Home Front Page 4th of July: Independence Day celebrations amid warnings of extreme weather

4th of July: Independence Day celebrations amid warnings of extreme weather


Millions of Americans are set to celebrate the Fourth of July with as much fervor  and as many fireworks as the weather will allow.

Picnics have been planned, barbeques will be lit and the beaches will be swamped with red, white and blue for the country’s Independence Day.

AAA, one of the nation’s largest travel agencies, projects 42.3 million Americans will hit the road, traveling 50 miles or more from home between July 3 and July 8 for all the festivities.

Last year, when the holiday fell on a Monday, 40.3 million people traveled. But before you think it’s a big increase, note that AAA’s economists changed how they estimated the number of travelers: They used a six-day period this year compared to five last year.

The typical traveler will spend $749 over six days, down from $807 over five days last year, according to an online survey of 344 people conducted for AAA. Another look at the holiday, by Visa Inc., shows that all Americans – whether traveling or not – will spend an average of $191 on July 4th activities, down from $216 last year. Visa surveyed 1,012 people by telephone.

The overwhelming majority of Independence Day travelers plan to drive: 35.5 million people or 84% of travelers according to AAA. As they do, they’ll get a break at the pump.

Lower gas prices, at $3.33 a gallon nationwide compared with $3.55 a year ago, are a factor in the longer drives.

“What the survey indicates is that Americans have an appetite for travel…,” Cynthia Brough, a spokeswoman for the American Automobile Association, said.

Midwesterners will spend the most to celebrate the holiday, laying out an average of $211, while those in the Northeast will spending $40 less, the Visa survey found.

According to Jason Alderman, senior director of global financial education at Visa, the holiday is bigger in Midwestern cities and towns, while Northeastern cities have more concentrated gatherings and firework displays.

Millions of Americans are set to celebrate the Fourth of July with as much fervor and as many fireworks as the weather will allow

Millions of Americans are set to celebrate the Fourth of July with as much fervor and as many fireworks as the weather will allow

Temperatures across the nation are expected to reach the high 90s Fahrenheit (32 Celsius) over the next several days, according to AccuWeather.com.

More than 1.4 million people from Illinois to Virginia remained without power Tuesday after the weekend’s violent storms, and forecasts indicate that there’s little hope for any reprieve from Mother Nature.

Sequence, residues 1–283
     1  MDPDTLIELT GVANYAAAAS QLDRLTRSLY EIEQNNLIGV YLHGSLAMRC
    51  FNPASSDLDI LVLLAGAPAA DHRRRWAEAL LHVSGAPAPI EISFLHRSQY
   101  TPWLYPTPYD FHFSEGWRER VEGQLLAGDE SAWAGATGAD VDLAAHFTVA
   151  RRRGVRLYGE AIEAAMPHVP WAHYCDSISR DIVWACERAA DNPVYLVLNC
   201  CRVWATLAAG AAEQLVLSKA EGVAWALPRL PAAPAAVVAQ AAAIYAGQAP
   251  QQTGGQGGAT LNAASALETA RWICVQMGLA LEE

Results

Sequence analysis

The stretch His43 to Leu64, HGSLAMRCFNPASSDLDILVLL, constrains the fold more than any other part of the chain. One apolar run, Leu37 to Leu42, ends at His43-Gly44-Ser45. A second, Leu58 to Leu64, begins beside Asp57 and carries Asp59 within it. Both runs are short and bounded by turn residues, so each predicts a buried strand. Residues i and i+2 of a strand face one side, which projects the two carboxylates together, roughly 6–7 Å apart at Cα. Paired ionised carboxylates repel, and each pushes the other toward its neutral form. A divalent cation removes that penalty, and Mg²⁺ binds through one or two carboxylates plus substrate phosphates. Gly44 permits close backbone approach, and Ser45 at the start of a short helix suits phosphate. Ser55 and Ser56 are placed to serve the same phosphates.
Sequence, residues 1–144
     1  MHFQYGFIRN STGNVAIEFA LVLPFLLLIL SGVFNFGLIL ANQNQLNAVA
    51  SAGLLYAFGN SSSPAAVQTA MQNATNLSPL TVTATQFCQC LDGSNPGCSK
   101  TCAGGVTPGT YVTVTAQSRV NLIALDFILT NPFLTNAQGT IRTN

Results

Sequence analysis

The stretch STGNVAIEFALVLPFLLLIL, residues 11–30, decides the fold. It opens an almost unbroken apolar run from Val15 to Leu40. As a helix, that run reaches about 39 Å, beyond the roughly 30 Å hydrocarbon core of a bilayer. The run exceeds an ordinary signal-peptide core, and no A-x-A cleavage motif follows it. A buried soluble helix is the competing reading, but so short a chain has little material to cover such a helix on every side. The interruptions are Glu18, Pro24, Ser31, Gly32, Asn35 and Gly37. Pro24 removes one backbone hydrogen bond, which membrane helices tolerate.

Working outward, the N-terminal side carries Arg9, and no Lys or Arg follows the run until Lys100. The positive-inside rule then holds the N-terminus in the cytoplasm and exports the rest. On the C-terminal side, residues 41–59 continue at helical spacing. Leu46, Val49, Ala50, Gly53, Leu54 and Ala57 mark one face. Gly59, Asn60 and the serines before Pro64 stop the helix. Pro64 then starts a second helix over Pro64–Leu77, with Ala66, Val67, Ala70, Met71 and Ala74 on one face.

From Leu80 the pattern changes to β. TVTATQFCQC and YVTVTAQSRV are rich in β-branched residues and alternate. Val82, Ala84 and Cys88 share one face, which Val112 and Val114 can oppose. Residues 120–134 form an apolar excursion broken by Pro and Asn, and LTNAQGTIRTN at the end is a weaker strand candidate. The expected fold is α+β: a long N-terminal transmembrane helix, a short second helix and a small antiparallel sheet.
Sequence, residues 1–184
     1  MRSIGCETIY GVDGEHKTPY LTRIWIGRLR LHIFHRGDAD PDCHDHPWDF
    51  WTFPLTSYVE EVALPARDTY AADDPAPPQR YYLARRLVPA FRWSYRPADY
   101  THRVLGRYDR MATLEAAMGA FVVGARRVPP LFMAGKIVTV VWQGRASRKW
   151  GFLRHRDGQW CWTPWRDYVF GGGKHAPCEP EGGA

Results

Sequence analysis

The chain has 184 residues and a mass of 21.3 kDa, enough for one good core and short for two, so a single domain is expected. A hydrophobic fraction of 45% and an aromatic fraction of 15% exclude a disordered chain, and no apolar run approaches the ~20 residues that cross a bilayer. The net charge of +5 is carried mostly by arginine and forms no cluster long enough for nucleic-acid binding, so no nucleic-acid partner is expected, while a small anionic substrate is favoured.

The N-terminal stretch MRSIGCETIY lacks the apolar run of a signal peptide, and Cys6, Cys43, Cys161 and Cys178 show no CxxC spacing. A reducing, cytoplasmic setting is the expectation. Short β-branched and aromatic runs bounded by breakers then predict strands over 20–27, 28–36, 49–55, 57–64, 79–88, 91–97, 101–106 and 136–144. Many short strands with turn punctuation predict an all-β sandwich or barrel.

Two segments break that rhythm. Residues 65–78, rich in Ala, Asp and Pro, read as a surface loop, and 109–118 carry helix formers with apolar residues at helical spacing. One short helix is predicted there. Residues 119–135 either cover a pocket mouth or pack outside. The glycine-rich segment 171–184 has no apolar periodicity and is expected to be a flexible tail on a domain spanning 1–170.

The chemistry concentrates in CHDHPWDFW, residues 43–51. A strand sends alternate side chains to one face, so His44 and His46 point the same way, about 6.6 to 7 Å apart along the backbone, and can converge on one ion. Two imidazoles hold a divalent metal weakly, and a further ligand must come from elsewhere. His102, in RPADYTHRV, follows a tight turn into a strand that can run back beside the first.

Power companies said that the heat wave will keep some customers without power for the rest of the week, unable to turn on their air conditioners, surf the web or even turn on the lights.

“This is the worst outage we’ve ever had,” said Jeri Matheny, spokeswoman for Appalachia Power, which serves most of southern West Virginia, to CNN.

“We’ll end up rebuilding large pieces of an infrastructure system in five to seven days that took decades to build.”

The storms have also brought on heavy rain or desperately dry conditions which will likely stay through the 4th of July, causing fireworks to be cancelled pre-emptively in numerous areas.

The storms crossed the Eastern United States with heavy rain, hail and winds reaching 80 miles per hour starting Friday night, leaving more than 3 million homes and businesses without the power, according to a federal energy report.

The storms also claimed at least 22 lives, mostly from falling trees and branches across the Midwest and Mid-Atlantic states.

Ken Mallette, executive director of the Maryland Emergency Management Agency, told CNN that the damage compared to Hurricane Irene’s visit last year.

“We got a hurricane punch without a hurricane warning,” he said.

Independence Day celebrations were cancelled across Maryland, including ones schedule in Kensington, Germantown, Rockville and Gaithersburg, officials said.

Summer camps have also been cancelled and residents are flocking to libraries, malls pools and anywhere else that might have power – and air conditioning – to keep cool.

“If you need to charge your phone or you need Internet or anything, you show up here and it’s literally a madhouse,” Jacqueline Hirsch told CNN affiliate WJLA-TV.

The Bethesda, Maryland, resident ran to the local library, only to find hundreds of others with the same idea.

The National Weather Service issued extreme heat warnings were Tuesday for portions of Illinois, Indiana, Missouri, Kentucky, Ohio and Michigan, saying those areas would be hit with temperatures near or above triple digits on the 4th.

Similar warnings were already in place for a handful of states, including parts of Nebraska, South Dakota, Wisconsin, Minnesota and Iowa.


American Electric Power Co Inc of Ohio said Tuesday morning that crews were working to restore power to 357,000 customers in Virginia and West Virginia; 298,000 in Ohio; 32,000 in Indiana; and 14,000 in Kentucky.

FirstEnergy Corp of Ohio said it had 216,000 customers out in its five-state service area of Ohio, Pennsylvania, West Virginia, Maryland and New Jersey. That was down from about the initial 566,000 affected by the storms.

Illinois-based Exelon Corp said its Baltimore Gas & Electric (BG&E) unit in Maryland had about 170,000 customers out, down from about 600,000 homes and businesses affected.

Virginia power company Dominion Resources Inc said it still had more than 170,000 customers without electricity in its Virginia and North Carolina service areas.

Washington, D.C.-based Pepco Holdings Inc said it had more than 116,000 customers without power in the District of Columbia and Maryland and more than 69,000 out in New Jersey.